34 Any . . . judge . . . of the United States shall disqualify himself in any

proceeding in which his impartiality might reasonably be questioned.
(b) He shall also disqualify himself in the following circumstances:
36 Where he has a personal bias or prejudice concerning a party, or personal
knowledge of disputed evidentiary facts concerning the proceeding;
37 He . . . (iv) is to the judge's knowledge likely to be a material witness in the

As counsel for King correctly points out, Section 455 was passed, among other
reasons, to eliminate the "duty to sit" concept which had found expression in
many judicial opinions. Some of these are cited in the memorandum of Mr.
Justice Rehnquist in Laird v. Tatum, 409 U.S. 824, 837, 93 S.Ct. 7, 34 L.Ed.2d
50 (1972). While Judge MacMahon quoted one such expression (App. 175), it
is not true, as argued by counsel for King (Brief, pp. 21, 27) that this was the
rationale of his opinion below nor did he rely on the concept in refusing to
disqualify himself.


The grounds urged for disqualification are for the most part rulings made by
Judge MacMahon during the trial or statements made by him in the course of
his judicial duties: (1) denial of King's moves to poll the jurors as to the
publicity, (2) description of King at the time of sentence, (3) length of the
sentence, and (4) refusal to consider the earlier 28 U.S.C. 2255 motion as
having been withdrawn by King. Nothing of this kind, what the judge has
learned from or done in the proceedings before him, is any basis for
disqualification; to be sufficient for disqualification the alleged bias or
prejudice must be from an extrajudicial source. United States v. Grinnell Corp.,

384 U.S. 563, 583, 86 S.Ct. 1698, 16 L.Ed.2d 778 (1966); United States v.
Bernstein, 533 F.2d 775, 784-85 (2d Cir. 1976); United States v. Sclafani, 487
F.2d 245, 255-56 (2d Cir. 1973).

Another ground urged for disqualification is that trial counsel for King sent to
Judge MacMahon a letter from King "which cast aspersions upon the
motivations and intent of Judge MacMahon" (Brief for Appellant, p. 25). This
letter may very well establish King's feelings toward Judge MacMahon, but has
no tendency to show the latter's feelings toward King, as was pointed out by
Judge Feinberg in a similar situation in United States v. Wolfson, 558 F.2d 59
(2d Cir. 1977).


Finally it is urged that, if King were granted an evidentiary hearing, Judge

MacMahon would be a witness to identify a marshal who was in charge of the
jury and to testify to what that marshal told him about possible exposure of the
jurors to publicity. We do not believe that any showing is made sufficient to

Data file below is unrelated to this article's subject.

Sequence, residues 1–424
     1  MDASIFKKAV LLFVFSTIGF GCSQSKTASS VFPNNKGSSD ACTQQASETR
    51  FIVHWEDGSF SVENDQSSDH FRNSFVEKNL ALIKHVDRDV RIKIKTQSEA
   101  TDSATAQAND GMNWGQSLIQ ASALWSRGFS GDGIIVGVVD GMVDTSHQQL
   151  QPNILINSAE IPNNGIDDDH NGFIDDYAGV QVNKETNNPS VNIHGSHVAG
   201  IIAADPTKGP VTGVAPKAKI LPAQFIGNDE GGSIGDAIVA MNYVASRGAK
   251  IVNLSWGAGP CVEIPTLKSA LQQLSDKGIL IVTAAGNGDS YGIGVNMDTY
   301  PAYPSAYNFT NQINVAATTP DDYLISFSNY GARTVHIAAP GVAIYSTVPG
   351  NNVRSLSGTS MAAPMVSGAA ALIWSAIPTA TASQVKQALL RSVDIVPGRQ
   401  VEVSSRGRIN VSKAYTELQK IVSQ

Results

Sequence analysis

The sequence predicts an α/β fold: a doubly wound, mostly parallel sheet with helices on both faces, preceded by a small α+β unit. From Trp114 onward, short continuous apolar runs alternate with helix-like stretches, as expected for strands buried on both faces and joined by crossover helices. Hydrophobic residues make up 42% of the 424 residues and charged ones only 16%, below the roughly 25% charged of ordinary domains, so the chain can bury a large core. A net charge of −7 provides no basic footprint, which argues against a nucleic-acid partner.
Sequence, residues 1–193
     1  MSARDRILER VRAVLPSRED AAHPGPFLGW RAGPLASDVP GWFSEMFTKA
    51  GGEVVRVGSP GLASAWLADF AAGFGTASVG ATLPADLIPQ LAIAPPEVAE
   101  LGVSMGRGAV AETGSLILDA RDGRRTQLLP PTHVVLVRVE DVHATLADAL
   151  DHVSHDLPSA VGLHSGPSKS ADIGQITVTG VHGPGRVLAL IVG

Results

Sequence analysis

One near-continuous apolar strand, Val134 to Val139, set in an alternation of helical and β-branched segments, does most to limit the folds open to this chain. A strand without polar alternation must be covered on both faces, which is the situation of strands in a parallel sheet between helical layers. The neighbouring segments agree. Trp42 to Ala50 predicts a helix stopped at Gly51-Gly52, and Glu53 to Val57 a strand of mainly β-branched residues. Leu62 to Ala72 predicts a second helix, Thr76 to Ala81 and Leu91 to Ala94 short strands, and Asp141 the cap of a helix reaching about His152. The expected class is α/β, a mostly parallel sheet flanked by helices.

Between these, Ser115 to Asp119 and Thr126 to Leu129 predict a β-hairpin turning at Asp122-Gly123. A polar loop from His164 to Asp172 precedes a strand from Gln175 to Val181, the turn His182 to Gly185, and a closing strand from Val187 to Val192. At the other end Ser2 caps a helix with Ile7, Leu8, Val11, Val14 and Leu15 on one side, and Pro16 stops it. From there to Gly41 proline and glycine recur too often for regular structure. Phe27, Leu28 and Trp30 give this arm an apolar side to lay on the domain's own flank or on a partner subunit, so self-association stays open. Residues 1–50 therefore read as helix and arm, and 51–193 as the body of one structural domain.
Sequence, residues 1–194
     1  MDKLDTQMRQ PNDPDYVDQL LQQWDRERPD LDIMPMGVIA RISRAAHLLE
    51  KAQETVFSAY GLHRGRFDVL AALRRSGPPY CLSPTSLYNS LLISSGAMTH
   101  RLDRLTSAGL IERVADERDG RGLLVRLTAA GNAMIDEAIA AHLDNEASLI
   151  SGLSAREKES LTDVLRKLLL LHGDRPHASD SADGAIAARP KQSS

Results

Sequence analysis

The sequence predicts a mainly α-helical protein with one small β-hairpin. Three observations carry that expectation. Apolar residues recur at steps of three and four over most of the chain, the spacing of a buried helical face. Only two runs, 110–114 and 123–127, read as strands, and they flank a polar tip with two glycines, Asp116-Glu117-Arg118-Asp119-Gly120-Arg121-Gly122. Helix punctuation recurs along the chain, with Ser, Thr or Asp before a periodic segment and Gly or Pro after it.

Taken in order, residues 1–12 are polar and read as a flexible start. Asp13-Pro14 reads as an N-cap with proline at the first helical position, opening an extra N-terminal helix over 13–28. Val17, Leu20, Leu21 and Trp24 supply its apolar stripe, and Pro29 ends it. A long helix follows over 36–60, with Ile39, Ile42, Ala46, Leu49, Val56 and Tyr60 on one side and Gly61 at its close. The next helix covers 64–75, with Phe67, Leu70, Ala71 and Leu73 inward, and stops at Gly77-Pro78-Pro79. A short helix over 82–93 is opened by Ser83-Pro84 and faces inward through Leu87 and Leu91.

require such a hearing. But in any event and assuming that Judge MacMahon
would be a witness this would not disqualify him prior to the hearing,
specifically from determining whether a hearing should be held. Panico v.
United States, 412 F.2d 1151, 1155-56 (2d Cir. 1969).


We find that Judge MacMahon acted properly in refusing to disqualify himself.


King is here complaining, for at least the third time, that the jurors were
exposed during the trial to publicity about King's murderous grenade throwing
and about the consequent injuries to King himself. This point was raised on the
direct appeal from the conviction and on the first Section 2255 application.


King presents on this third occasion a strange document, a one-page typed

paper captioned "affidavit" (App. 307). It purports to be signed by a Mrs. Helen
Postal. The typed paper recites that she was a juror at the King trial. By whom
the paper was prepared and typed is not revealed but, as will be seen, it was
undoubtedly done by a private investigator hired for King. The Postal paper
states how the jury stayed at the Ramada Inn and has blanks for the name of
the signing juror and for check marks to indicate that the juror did or did not
read articles about the case, did or did not watch news briefs of the case and
was or was not aware why King was in St. Luke's Hospital. There is what
purports to be a signature of Mrs. Postal and checks purporting to indicate that
she did read articles, did watch news briefs and was aware why King was in the

hospital. The signed paper is recited to be "sworn to and attested" before a

notary public who purports to have signed "Mr. Vict De Santia." Who and
where this person is has not been revealed, nor is any data given as to his
notarial qualification nor is there any notarial seal. The paper purports to be
signed as a witness by a "Michelle Malina" from whom a one-page affidavit is
submitted which recites that she lives in Utica but which gives no other
information about her nor as to what, if any, her connection is with the King

The authentication of the Postal statement and the Malina affidavit is by

counsel for King on this appeal, who says that King sent him the Postal paper
and that he (counsel) engaged a licensed private investigator who produced the
Malina affidavit.


King also submits an unsigned proposed affidavit (App. 309-315) for the
Manager of the Ramada Inn. The authentication of this document is by counsel
for King on this appeal who says that the proposed affidavit is the substance of
what the Manager told counsel over the telephone but that the proposed
affidavit could not be executed because the directors of Ramada Inn told the
Manager not to do so. The proposed affidavit is designed to show how the
jurors could have obtained some knowledge of the King shooting incident but
is no more than speculation as to this.


On the basis of this weakly authenticated, vague, and speculative material as to

one juror, King contends that he is entitled to an evidentiary hearing at which
the jurors can be questioned and cross-questioned as to their possible exposure
to prejudicial publicity.